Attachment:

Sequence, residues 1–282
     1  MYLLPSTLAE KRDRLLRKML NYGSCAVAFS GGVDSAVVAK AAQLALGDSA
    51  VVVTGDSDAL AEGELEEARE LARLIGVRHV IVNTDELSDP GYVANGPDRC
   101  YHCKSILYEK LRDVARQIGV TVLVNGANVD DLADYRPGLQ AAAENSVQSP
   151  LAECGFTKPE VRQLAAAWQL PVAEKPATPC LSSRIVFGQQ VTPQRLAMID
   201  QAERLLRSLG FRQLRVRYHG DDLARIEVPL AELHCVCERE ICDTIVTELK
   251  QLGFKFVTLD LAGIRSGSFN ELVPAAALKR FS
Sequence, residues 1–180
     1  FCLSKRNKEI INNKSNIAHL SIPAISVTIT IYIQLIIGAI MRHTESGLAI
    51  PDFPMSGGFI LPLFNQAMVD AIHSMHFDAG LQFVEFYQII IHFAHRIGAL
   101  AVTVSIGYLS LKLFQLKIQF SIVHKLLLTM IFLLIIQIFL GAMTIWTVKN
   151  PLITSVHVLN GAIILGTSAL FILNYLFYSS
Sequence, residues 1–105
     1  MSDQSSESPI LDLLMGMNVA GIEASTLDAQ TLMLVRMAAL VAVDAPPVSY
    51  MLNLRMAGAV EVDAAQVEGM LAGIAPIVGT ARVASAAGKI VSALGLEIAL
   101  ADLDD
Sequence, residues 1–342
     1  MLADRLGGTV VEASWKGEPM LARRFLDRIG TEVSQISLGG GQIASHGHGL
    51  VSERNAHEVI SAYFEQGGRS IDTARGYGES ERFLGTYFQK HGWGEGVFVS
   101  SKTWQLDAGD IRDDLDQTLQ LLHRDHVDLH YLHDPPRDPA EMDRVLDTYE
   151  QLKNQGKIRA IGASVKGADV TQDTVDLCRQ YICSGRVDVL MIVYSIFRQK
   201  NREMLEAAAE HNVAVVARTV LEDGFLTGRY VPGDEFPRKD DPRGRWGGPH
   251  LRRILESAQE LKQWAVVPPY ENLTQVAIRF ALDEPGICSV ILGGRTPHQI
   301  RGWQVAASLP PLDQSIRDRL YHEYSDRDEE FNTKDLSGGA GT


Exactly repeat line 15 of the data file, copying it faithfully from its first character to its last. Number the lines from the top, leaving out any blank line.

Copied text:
    51  MLNLRMAGAV EVDAAQVEGM LAGIAPIVGT ARVASAAGKI VSALGLEIAL